And yet: In Curry’s saga, there’s enough of the whiff of race and culture to prompt Mike Hale, New York Times TV and film critic, to mention it in his in-depth feature story about her struggles.

I have long admired the intelligence and balance that Hale brings to his work. So I trust that Hale, who has Asian roots himself, raises the cultural issue only upon great reflection. (I contacted Hale but didn’t hear back. He and I are friendly acquaintances, as we are both members of the Asian American Journalists Association, whose governing board I serve on. My views here do not necessarily represent AAJA’s.)

Hale observed Curry for a month, and I’m drawn to his insights: “But as you watch the show,” he writes, “there’s an inescapable sense that Ms. Curry is outside the group in a subtle but unmistakable way, like the stepsister Cinderella without a prince…”

“I don’t know what personal factors might come into play in creating an on-screen distance,” Hale writes. “You could speculate about certain things. Ms. Curry is biracial (Japanese-American) and spent part of her early childhood living overseas, a situation that has been known to generate self-reliance and reserve. (Barack Obama probably wouldn’t make the warmest of morning hosts.)”

Don’t get me wrong. I don’t think Hale or anyone else is arguing that Curry is being overtly discriminated against because of her race.

In fact, Curry’s Asian background, along with her strong reporting chops, hard work and credibility, has probably been a plus for her career, as “Today” and other shows recruited a diverse group of journalists to reflect the communities they cover and the audiences they seek.

What I am suggesting is that Curry’s Otherness, real or perceived, might have worked against her as she tried to fit in with — and take a more prominent role in — the chummy morning-show environment.

What do I mean by Otherness?

Think about the things in your background that set you apart from the others who surround you every day — not just your race or religion or age or sexual orientation or political convictions. Maybe you grew up with an easy-going Texas swagger and are having trouble fitting into an abrasive Boston workplace. (Hey, I can say that because I’m from the beloved Beantown.)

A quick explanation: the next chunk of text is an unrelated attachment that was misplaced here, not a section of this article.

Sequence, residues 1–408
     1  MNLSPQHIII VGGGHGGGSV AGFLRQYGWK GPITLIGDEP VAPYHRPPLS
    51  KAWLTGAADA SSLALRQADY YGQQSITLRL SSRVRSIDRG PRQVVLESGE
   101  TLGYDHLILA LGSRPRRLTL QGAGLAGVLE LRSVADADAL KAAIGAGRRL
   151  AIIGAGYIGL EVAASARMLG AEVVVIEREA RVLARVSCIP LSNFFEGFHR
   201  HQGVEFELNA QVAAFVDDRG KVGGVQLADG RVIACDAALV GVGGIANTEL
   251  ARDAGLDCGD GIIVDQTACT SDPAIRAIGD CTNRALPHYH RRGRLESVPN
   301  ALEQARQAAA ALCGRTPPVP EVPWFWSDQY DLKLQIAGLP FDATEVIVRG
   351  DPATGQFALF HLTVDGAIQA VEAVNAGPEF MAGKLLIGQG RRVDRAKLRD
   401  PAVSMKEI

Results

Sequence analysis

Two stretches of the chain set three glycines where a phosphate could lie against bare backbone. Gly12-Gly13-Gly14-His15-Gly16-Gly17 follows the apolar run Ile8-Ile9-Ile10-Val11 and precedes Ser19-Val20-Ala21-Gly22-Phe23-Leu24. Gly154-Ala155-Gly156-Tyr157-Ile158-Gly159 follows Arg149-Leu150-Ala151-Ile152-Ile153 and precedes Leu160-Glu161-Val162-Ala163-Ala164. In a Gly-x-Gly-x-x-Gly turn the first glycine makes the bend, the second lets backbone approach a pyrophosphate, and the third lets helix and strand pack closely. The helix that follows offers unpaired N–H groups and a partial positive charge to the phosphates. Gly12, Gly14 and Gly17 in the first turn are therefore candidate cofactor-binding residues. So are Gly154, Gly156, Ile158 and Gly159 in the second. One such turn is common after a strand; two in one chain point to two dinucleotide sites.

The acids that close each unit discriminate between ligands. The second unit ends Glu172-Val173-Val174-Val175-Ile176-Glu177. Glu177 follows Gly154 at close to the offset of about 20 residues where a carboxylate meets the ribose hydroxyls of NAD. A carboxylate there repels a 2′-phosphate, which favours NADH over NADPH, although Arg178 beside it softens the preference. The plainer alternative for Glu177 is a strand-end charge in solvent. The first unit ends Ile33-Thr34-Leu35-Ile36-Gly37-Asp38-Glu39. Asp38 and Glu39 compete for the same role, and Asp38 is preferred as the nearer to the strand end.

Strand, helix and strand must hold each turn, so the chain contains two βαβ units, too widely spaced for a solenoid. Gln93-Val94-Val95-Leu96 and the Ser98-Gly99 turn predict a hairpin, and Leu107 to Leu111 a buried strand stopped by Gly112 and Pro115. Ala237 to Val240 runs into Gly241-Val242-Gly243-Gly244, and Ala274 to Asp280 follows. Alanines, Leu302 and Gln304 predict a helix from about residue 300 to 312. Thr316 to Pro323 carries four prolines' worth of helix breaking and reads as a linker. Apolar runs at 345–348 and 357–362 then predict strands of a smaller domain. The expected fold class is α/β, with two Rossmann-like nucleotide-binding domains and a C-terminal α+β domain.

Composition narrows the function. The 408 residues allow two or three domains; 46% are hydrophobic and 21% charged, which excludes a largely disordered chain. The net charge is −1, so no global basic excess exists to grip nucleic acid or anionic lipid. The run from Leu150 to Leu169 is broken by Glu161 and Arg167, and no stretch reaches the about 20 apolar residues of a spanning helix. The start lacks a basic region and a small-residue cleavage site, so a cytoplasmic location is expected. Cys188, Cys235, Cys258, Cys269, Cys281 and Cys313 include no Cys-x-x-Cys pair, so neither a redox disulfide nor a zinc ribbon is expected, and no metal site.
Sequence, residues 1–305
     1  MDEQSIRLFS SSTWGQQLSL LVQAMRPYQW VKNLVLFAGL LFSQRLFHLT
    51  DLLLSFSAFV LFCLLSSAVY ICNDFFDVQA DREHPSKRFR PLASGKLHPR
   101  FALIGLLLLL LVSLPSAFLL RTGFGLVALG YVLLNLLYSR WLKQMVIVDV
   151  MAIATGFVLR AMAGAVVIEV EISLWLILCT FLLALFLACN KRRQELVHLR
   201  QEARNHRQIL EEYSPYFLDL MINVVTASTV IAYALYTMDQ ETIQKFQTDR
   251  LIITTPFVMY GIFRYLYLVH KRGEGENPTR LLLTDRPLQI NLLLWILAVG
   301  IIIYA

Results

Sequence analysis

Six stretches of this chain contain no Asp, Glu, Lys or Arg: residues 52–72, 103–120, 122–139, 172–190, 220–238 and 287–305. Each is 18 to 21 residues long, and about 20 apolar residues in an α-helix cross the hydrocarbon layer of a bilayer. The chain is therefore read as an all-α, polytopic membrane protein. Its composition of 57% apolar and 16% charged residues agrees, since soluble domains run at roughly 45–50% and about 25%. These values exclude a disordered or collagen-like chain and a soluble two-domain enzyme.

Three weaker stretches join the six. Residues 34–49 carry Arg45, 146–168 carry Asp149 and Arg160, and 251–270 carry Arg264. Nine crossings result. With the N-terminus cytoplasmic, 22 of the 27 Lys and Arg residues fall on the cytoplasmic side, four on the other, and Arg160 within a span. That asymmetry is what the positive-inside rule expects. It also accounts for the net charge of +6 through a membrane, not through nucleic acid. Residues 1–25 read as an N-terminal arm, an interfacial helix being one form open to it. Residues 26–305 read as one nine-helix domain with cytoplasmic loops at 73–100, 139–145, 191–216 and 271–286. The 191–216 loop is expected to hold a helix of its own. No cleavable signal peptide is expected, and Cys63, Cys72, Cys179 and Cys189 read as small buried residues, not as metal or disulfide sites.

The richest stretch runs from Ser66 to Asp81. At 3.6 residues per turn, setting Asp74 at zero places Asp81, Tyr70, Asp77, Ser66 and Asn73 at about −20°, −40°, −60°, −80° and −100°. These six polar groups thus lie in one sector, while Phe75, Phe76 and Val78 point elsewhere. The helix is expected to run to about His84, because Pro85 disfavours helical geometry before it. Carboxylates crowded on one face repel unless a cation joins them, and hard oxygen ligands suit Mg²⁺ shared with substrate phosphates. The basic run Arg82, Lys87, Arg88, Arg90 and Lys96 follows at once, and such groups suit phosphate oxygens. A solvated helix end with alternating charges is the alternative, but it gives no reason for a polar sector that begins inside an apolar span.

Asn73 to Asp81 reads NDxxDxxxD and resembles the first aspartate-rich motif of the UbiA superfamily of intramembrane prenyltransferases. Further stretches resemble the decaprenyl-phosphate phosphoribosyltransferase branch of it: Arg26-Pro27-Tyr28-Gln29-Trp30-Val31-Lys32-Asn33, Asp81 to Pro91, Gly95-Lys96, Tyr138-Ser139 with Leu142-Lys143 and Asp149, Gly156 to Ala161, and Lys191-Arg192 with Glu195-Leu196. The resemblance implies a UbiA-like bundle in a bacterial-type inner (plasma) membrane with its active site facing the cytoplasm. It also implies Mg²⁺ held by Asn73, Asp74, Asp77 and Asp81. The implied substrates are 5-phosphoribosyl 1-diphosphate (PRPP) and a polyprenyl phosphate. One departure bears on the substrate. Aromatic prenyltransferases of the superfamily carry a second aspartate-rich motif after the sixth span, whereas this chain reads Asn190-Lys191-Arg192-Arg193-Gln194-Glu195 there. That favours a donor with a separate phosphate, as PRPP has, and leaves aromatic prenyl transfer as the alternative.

Maybe you were raised by an Asian father or Asian mother (or, God forbid, both) and were taught certain cultural norms — to be reserved, to not share private family matters, to not interrupt others, to not be showy about your feelings.

Or maybe you weren’t taught any of these things.

They are simply part of your personality and have nothing to do with your family and their traditions.

But there is this observation from Mike Hale: “There are moments in every show when you feel as if you’re registering Ms. Curry’s true feelings, and in the constructed world of the morning show that honesty can work for you or against you. It’s one thing when we know that you’re moved by the story of a sick child. It’s another when we know that you’re bored by and a little contemptuous of a visiting chef.”

Maybe, as in Ann Curry’s case, you’re just too honest for your own good. Read more

Ann Curry, left, and Meredith Vieira appear during a segment of the NBC "Today" television program, in New York's Rockefeller Center, Friday, May 27, 2011. (Richard Drew/AP)

Today’s Vieira-Curry handoff reminds newsroom leaders: Bench strength matters

Here’s a safe prediction: the departure of Meredith Vieira from the Today Show won’t put a dent in the program’s robust ratings. Ann Curry will slide into the co-anchor chair in a seamless transition and viewers will stay loyal to the team.

“Team” is the operative word. NBC management has positioned the program as an ensemble company, not dependent on the drawing power of only one or two individuals. In another key move, the network, which bypassed Curry when hiring Vieira five years ago, worked with Curry to give her high-profile assignments that mattered to her and to viewers.

As David Bauder of the AP reported:

How Curry responded when Vieira was brought in over Curry in 2006 to replace Katie Couric likely played a large part in her getting the job this time.

She didn’t leave. She didn’t sulk or back-stab. Curry, 54, instead created a niche for herself with international reporting, often on tough, unpleasant stories that aren’t mainstays at American television networks. She’s been to the troubled region of Darfur in Sudan to report on the humanitarian crisis five times since 2006.

Carving a niche instead of burning bridges paid off for Curry. It built both her credibility and her visibility on the program. As any broadcast news executive will tell you, when disappointment and ego collide, things don’t always work out that smoothly.

Ann Curry, left, and Meredith Vieira appear during a segment of the NBC “Today” television program, in New York’s Rockefeller Center, Friday, May 27, 2011. (Richard Drew/AP)

So what’s the management lesson here? I think it’s the importance of bench strength. Not only did NBC reward Curry for “taking one for the team” in 2006 by investing in her growth, it also groomed others. Natalie Morales was given abundant opportunities to fill in for Curry on the program’s news desk. Making it her permanent assignment simply installs a familiar face into a familiar place, a comfort viewers really value.

Let the record also show that the program’s diversity — in gender and ethnicity — has also been enhanced by the transitions. Call it succession planning, call it business continuity, or call it building a bench. When it rolls out this smoothly it might look like serendipity. Smart managers know that it’s strategy.

Do you have a strategy for your future promotions? That’s the focus of my podcast, “What Great Bosses Know about Building a Strong Bench”:

You can download the complete series of “What Great Bosses Know” podcasts free on iTunes U. Read more